Transgender troops and Trump administration officials are set to testify before Congress on February 27 about President Trump’s transgender military ban, the Washington Blade has learned.
The House Armed Services Committee announced on Tuesday as part of it weekly scheduling announcement the personnel subcommittee, newly chaired by Rep. Jackie Speier (D-Calif.) under the Democratic majority, will hold a hearing on that date on “Transgender Service Policy.”
Set to testify are transgender members of the armed forces — Army Capt. Alivia Stehlik, Army Capt. Jennifer Peace, Army Staff Sgt. Patricia King, Navy Corpsman Petty Officer 3rd Class Akira Wyatt and Navy Lt. Cmdr. Blake Dremann. (Two of these witnesses — Peace and Dremann — were among the transgender service members lawmakers invited to the State of the Union address earlier this year.)
The Trump administration officials set to testify on Trump’s ban are James Stewart, who’s performing the duties of under secretary of defense for personnel and readiness, and Vice Adm. Raquel Bono, director of the Defense Health Agency. They’ll likely face questions from the subcommittee why on the Pentagon is seeking to ban transgender people from the armed forces and whether there is a medical need to do so. (The American Medical Association has concluded there is not.)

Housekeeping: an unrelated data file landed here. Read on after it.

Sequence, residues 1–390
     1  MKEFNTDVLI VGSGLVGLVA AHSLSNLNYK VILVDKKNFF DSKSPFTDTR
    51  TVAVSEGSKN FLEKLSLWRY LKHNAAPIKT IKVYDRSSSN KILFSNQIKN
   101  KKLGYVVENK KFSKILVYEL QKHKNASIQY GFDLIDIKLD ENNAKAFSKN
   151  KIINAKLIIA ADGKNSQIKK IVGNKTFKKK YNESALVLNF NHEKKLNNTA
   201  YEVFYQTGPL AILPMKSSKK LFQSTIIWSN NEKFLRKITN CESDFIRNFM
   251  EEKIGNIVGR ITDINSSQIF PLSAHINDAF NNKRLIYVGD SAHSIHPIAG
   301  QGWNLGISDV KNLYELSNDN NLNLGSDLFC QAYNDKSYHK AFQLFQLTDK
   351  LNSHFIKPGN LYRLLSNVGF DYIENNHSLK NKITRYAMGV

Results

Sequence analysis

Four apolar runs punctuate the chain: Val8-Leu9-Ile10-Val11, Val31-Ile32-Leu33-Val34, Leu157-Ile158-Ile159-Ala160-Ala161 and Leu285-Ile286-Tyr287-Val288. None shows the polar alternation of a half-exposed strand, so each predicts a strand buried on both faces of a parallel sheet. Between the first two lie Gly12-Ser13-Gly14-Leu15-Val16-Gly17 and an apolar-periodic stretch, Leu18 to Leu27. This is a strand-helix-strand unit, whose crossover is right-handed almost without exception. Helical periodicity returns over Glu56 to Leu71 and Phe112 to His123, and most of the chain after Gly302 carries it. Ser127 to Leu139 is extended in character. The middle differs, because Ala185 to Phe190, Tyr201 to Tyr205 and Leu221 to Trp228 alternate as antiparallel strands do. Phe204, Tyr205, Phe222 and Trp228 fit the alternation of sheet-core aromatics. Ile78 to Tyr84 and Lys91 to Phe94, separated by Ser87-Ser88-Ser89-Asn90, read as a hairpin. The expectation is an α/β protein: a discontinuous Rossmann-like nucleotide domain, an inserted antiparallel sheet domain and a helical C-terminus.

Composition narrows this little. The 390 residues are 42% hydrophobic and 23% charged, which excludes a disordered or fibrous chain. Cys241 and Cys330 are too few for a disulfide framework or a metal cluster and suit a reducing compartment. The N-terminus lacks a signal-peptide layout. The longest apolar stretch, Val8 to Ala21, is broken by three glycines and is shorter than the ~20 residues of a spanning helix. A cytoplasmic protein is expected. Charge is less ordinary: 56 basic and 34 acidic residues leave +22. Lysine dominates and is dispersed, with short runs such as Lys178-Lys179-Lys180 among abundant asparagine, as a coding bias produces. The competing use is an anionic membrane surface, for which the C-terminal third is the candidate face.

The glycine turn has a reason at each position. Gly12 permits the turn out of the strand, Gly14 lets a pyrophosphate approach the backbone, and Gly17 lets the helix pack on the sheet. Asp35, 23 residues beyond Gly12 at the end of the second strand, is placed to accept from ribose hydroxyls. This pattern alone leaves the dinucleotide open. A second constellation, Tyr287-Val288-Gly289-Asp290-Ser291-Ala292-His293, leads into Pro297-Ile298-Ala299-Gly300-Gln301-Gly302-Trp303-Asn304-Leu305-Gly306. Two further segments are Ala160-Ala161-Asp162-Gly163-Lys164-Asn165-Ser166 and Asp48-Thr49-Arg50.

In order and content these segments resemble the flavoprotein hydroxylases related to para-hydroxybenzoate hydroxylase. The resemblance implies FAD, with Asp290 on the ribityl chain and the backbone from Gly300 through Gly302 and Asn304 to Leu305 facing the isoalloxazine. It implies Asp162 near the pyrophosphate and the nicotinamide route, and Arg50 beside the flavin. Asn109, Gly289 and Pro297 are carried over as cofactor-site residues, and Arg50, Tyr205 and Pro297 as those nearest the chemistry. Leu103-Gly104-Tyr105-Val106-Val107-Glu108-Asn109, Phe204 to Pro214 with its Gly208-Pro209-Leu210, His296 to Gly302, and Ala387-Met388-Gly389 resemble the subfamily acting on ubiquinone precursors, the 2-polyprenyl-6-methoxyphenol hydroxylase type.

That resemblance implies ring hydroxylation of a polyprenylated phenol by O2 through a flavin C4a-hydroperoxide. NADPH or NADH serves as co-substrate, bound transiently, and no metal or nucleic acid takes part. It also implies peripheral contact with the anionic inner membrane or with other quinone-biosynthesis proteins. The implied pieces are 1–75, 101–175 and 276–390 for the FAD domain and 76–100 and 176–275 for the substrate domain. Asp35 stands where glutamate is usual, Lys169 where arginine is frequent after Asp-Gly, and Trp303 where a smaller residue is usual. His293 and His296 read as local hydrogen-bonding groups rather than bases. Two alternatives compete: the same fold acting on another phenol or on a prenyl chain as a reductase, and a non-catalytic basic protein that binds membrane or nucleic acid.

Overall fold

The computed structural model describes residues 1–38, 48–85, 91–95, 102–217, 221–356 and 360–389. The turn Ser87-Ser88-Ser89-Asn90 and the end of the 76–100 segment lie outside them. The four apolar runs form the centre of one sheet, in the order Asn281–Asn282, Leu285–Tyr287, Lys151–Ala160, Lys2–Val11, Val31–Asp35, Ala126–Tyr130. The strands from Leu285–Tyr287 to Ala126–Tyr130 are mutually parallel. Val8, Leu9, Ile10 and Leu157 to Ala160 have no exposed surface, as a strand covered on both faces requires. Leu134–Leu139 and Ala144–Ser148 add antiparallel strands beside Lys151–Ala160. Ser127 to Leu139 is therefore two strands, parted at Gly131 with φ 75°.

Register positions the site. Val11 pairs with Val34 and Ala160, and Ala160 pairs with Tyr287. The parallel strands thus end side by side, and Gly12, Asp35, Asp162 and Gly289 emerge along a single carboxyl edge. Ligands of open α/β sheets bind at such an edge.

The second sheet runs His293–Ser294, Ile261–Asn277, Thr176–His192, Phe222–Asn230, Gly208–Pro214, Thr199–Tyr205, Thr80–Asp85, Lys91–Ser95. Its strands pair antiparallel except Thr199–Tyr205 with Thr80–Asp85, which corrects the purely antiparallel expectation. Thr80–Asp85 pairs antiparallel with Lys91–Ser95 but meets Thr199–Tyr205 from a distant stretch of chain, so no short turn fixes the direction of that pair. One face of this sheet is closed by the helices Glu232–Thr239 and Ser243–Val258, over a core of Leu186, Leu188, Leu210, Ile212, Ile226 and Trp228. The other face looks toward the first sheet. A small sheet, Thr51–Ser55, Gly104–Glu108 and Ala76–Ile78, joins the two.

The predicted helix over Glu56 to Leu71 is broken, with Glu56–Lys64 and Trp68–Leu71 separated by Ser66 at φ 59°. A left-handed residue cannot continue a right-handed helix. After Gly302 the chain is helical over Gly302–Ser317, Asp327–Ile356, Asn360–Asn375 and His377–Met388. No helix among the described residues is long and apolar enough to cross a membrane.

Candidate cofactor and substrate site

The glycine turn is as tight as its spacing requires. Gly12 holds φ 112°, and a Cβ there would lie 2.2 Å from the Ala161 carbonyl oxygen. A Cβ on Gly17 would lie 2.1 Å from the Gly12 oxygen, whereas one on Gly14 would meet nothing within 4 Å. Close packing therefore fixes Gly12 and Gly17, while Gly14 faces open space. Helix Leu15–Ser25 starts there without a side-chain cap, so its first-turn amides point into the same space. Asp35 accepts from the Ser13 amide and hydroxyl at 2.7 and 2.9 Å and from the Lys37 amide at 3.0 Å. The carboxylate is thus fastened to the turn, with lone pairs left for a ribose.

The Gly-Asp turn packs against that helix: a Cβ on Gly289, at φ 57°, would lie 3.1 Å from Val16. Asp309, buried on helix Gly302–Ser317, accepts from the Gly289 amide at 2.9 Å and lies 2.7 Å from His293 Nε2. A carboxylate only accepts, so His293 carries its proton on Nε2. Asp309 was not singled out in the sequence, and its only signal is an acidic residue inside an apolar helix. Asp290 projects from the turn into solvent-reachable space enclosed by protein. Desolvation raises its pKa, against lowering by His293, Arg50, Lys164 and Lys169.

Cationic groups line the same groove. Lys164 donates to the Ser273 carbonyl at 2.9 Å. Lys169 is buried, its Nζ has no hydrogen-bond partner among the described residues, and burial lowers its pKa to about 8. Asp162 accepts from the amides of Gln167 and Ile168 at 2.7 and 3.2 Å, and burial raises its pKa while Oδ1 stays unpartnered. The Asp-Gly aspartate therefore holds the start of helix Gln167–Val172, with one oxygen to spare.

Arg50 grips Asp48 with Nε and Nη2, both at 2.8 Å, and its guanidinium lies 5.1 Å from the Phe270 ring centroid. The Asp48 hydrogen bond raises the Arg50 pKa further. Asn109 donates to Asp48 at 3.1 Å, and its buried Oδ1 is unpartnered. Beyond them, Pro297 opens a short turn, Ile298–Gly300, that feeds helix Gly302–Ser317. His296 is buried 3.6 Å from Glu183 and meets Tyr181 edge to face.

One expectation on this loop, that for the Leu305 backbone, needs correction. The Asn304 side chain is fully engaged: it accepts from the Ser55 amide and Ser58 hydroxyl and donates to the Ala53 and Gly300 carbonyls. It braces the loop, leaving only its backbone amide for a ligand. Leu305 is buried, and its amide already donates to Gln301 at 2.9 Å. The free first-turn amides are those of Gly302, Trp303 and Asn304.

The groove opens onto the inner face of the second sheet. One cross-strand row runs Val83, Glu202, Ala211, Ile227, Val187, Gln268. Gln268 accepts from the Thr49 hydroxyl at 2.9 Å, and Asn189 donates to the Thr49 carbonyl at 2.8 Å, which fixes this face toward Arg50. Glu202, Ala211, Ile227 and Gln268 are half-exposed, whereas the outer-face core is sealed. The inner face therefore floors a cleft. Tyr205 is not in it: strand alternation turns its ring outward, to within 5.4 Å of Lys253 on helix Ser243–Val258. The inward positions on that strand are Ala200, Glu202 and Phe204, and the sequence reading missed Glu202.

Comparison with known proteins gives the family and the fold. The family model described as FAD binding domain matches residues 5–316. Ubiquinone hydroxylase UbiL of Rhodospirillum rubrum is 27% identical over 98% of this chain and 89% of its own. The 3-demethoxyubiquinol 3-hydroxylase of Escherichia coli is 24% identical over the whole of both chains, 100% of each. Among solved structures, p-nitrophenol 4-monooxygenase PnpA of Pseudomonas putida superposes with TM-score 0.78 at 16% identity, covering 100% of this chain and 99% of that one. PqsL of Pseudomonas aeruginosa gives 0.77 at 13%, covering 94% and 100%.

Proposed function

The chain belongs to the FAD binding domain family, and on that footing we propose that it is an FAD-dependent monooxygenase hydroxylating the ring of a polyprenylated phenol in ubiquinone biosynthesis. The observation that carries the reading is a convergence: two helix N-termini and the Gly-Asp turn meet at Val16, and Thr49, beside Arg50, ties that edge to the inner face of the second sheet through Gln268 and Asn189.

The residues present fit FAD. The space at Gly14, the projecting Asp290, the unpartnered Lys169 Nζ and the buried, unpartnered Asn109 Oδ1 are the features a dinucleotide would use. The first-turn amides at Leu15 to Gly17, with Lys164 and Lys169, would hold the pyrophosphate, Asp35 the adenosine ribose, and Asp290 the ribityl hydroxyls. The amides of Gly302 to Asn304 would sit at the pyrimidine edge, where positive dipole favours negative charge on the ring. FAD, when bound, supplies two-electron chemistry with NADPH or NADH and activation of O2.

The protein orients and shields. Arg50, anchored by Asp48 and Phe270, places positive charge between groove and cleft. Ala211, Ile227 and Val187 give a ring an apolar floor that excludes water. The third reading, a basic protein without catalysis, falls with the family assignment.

Also set to testify is Jesse Ehrenfeld, a combat veteran who deployed to Afghanistan and is now a professor at the Vanderbilt University School of Medicine.
During the Obama administration, Ehrenfeld questioned then Defense Secretary Ashton Carter during a military town hall in Kandahar after transgender military policy. The process toward implementing openly transgender military service started shortly afterward.
Trump later sought to reverse this policy change by announcing on Twitter transgender people will no longer be able to serve in the military “in any capacity.” Although courts have until recently issued orders blocking implementation of Trump’s policy, the U.S. Supreme Court issued stays on those injunctions, essentially allowing the ban to go into effect.
(Technically, one injunction against the ban issued by a federal court in Maryland remains standing, but the order isn’t expected to last long. The U.S. Justice Department is seeking to have it dissolved following the green light from the Supreme Court.)